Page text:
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When is three years not really three years? When it involves an IRS audit


Omitting income, failing to file, or having offshore accounts may mean increased exposure to a tax audit.

The IRS generally has three years in which to audit a tax return. But because nothing can be simple when it comes to taxes, Congress and the IRS have carved out exceptions to the three-year statute of limitations.

Below are outlined several of those exceptions. Please remember this article is not legal advice; if you have questions regarding an IRS audit, or whether the IRS can audit a previous tax return of yours, contact an experienced tax law attorney to discuss your situation.

Failure to file, omitting income and offshore accounts

Exceptions to the three-year SOL include:

  • Omitting of more than one-quarter of your income. The IRS has six years to audit any taxpayers suspected of omitting more than 25 percent of their annual income. More on this exclusion below.
  • Omitting certain forms. Of course, if you simply fail to file anything with the IRS, the agency has an indefinite time in which to audit returns until you do file. However, the IRS has a general policy of not enforcing the filing of returns past six years. You may also face criminal charges if you fail to file a return.
  • Certain offshore account reporting. For most foreign income reporting, including FBARs, the IRS has six years to audit a return. Certified foreign corporations who fail to file Form 5471 can be audited indefinitely.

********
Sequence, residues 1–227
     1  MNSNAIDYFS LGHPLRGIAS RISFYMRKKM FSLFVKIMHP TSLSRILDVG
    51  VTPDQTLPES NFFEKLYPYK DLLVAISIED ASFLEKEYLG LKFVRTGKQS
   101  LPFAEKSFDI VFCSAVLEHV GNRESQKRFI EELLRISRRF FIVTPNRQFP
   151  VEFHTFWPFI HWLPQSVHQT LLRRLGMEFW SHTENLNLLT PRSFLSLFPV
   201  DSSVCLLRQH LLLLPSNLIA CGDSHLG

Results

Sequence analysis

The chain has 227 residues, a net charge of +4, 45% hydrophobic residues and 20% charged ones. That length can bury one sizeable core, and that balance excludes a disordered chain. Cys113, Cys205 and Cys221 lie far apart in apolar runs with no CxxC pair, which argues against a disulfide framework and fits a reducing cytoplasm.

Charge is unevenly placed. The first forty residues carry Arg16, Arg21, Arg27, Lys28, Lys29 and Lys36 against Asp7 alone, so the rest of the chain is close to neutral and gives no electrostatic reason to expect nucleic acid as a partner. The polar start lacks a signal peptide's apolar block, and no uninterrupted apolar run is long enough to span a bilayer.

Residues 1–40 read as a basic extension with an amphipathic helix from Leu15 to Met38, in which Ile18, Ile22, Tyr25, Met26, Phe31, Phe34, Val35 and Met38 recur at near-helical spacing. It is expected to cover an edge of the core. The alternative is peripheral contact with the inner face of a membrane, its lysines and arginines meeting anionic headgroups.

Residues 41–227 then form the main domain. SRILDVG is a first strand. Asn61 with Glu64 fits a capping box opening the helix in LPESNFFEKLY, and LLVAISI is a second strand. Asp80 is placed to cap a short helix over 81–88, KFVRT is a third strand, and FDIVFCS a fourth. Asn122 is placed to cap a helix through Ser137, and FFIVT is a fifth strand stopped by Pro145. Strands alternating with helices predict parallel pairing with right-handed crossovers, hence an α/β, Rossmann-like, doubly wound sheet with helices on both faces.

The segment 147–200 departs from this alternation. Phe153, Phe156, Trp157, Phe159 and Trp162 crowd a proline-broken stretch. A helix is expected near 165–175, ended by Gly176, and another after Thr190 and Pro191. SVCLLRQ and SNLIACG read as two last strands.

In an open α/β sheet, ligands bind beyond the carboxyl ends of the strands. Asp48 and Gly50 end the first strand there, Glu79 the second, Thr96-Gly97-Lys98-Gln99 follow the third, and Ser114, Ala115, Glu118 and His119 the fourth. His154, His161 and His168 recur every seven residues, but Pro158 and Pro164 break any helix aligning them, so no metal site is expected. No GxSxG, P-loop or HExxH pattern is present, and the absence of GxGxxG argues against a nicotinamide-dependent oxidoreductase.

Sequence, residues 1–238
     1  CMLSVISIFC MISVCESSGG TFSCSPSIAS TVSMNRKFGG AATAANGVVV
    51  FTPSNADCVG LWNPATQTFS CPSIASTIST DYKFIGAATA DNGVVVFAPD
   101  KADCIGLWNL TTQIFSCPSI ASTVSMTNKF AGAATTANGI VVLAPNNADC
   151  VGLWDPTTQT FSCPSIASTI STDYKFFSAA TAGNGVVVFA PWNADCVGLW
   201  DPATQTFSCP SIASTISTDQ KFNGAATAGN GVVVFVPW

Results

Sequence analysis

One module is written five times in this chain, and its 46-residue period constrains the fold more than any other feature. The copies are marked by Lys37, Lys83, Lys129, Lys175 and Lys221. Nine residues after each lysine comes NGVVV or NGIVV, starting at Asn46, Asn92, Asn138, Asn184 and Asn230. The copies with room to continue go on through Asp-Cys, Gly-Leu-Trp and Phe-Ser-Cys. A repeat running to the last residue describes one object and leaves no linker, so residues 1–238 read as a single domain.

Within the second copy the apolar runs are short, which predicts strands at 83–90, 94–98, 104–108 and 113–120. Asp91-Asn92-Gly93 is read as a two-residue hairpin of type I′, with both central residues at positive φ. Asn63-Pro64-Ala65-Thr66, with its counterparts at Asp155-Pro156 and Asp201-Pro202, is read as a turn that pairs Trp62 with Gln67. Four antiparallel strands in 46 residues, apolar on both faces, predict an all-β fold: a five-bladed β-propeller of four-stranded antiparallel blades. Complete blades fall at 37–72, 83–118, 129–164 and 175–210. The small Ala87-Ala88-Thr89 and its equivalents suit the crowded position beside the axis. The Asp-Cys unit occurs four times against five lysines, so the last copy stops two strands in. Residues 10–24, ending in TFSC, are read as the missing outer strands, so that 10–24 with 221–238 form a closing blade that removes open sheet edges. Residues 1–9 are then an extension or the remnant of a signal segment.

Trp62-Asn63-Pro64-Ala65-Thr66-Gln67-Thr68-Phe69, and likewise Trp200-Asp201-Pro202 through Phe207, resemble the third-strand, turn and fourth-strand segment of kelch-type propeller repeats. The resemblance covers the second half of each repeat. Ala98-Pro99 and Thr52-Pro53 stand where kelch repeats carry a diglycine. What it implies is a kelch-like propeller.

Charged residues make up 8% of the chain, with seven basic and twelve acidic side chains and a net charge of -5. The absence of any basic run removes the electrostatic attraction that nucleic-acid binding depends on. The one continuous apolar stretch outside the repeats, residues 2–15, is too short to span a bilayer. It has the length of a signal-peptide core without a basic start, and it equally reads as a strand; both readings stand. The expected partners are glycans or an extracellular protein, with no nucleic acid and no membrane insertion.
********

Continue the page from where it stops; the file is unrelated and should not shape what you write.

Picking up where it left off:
This list is by no means exhaustive, and merely demonstrates that significant exceptions to the three-year statute of limitations exist.

In 2015, Congress expanded definition of “omitting income”

Omitting income can take many forms. A simple failure to report income is the most common. But other methods exist of hiding income from the IRS. One common dispute between taxpayers and the IRS is an overstatement on the cost basis of a home.

The cost basis of a home is the amount initially invested in its purchase or construction. Taxpayers must only pay income tax on the amount the home sold for above its cost basis.

In 2012, the U.S. Supreme Court held that an overstatement of tax basis was not equal to omitting income. In 2015, Congress amended the tax code and specifically made an overstatement of tax basis equal to an omission of income.

Because of the new law, passed in July, the IRS now has six years to audit a taxpayer who has sold his or her home.


Even well-intentioned and compliant taxpayers breathe a sigh of relief when the statute of limitations passes for a tax return; no one wants to face an audit, even with nothing to hide.

Unfortunately, myriad exceptions exist that can mean an audit when you least expect it. If you are facing an audit or have legal questions regarding a previous return, contact Insight Law to discuss your situation.